By Buddy Blouin
Joining any organization is going to come with a bit of a learning curve. There are cultures, procedures, and nuances that come over time but still require newcomers to be aware of. The U.S. Army is no exception. Thankfully, incoming Soldiers have the Army Blue Book to help guide them out of civilian life and into military service. Your military career is going to have highs and lows and a variety of experiences that range from Soldier to Soldier. The U.S. Army Blue Book is here to help you become acclimated to your new lifestyle.

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Who Wrote the Army Blue Book?

Inspector General Friedrich Wilhelm von Steuben wrote the Army Blue Book during the American Revolution, but the book’s official name is the Regulations for the Order and Discipline of the Troops of the United States. This drill manual would stand from 1779 until 1812. During this time period, it would serve as the official guide to the American Armed Forces. Troops were instructed under its guidelines, which began with those serving at Valley Forge. Steuben began training 100 men who would then train other companies to follow the same processes put forth before them. Yet, here we are. It’s the 21st century, and while it’s not official, the Blue Book Army members learn about continues to serve as a guiding light for the branch’s culture, values, training, formation, history, and much more.

Your Guide To Becoming a Soldier

Receiving your Army Blue Book is a rite of passage in many ways, as are other components of basic training and joining the military in general. The best thing Soldiers can do is understand how this book will help them become the best Soldiers they can be. Speaking with those that have come before you to gain a deeper, personal piece of insight on the themes of the book and culture of the Army is going to go a long way in helping you maximize yourself and your military career.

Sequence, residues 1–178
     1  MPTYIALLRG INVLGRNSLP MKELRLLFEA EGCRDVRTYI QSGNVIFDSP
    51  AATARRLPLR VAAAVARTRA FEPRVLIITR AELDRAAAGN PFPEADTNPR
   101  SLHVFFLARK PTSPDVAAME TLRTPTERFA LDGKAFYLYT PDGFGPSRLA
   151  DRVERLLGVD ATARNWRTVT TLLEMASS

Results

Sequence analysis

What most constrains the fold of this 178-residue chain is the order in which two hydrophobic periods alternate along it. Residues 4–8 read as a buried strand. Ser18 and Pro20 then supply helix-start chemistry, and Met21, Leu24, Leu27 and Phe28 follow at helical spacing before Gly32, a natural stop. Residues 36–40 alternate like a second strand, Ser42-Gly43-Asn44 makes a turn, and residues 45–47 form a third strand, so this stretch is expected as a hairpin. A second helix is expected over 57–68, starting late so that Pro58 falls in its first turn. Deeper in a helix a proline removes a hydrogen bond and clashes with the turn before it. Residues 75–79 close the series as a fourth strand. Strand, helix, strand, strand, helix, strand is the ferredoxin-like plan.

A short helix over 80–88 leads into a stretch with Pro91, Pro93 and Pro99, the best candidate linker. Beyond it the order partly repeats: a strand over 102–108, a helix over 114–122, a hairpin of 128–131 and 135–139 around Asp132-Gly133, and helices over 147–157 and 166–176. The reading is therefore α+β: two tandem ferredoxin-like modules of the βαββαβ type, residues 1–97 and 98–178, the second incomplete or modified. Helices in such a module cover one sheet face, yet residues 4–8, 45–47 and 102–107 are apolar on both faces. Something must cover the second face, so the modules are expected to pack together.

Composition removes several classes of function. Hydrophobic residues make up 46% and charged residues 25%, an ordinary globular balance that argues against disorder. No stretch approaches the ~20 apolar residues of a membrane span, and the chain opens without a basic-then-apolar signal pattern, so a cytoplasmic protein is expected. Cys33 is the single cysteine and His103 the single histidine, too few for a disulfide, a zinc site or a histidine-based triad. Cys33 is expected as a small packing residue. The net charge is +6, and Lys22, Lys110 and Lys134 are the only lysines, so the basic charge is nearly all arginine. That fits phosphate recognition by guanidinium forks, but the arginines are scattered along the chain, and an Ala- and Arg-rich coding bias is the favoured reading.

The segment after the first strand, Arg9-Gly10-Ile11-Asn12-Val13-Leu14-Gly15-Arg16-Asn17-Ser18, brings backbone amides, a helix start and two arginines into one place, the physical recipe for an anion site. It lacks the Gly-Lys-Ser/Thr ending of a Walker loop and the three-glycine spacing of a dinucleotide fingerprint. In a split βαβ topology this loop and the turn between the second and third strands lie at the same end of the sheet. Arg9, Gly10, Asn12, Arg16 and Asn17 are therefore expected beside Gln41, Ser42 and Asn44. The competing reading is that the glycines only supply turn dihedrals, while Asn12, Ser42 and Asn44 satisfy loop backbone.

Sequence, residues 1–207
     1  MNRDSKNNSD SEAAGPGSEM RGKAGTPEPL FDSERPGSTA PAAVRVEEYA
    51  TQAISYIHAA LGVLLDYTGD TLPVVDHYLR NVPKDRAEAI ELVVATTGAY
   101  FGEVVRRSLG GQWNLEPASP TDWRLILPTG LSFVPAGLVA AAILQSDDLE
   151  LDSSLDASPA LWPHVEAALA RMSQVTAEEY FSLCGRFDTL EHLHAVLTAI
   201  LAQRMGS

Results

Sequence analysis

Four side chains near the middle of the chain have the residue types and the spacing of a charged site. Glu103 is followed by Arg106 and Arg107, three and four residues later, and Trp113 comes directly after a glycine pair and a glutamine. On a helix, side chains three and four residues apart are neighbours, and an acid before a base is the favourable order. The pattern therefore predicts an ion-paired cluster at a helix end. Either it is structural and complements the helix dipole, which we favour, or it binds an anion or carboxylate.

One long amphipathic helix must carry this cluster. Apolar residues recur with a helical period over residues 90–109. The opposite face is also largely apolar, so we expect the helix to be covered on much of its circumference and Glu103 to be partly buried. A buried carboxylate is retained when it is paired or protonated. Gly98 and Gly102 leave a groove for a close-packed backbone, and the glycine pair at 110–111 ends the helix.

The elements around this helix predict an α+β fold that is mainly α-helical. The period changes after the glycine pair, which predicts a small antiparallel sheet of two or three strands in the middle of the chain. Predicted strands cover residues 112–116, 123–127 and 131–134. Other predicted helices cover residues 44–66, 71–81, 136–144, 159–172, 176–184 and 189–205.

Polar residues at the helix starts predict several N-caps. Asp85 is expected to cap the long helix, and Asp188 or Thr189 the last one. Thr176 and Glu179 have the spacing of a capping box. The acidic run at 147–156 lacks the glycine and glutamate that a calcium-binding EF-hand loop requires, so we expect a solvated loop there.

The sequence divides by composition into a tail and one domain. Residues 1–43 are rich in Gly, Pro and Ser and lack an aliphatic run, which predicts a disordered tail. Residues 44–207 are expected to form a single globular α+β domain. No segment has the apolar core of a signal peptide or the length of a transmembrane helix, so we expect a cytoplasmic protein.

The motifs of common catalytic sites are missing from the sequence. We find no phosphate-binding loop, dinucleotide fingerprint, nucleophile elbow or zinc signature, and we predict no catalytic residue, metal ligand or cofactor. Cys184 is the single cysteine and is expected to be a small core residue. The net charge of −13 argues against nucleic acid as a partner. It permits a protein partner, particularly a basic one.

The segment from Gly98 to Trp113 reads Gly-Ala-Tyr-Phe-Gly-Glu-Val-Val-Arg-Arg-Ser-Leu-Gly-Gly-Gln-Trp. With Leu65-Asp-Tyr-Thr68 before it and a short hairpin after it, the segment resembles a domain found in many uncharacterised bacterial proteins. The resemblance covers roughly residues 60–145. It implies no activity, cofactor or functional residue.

The Values of the Army Blue Book Stand the Test of Time

The "Blue Book" still guides NCOs (Non-Commissioned Officers) because while warfare, tactics, and procedures have changed, the core ideals and values have not. It continues to work because the principles held near and dear to Soldiers remain the same. Having the Army Basic Training Blue Book as a continued influential piece of literature isn’t the sole reason for the branch’s continued success but rather a reflection of it. It’s not solely that a training guide written as our country was being formed is the glue keeping our fighting force elite, but rather our guiding principles leading the way to ensure we continue going about things in the right way. The Army Blue Book stands the test of time because the organization itself is committed to doing things the right way, no matter what the cost is. Because of this, and the efforts of others, we remain safe and free as a nation.

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The appearance of U.S. Department of Defense (DoD) visual information does not imply or constitute DoD endorsement. Photo by 2nd Lt. Leland White 201st Regional Support Group




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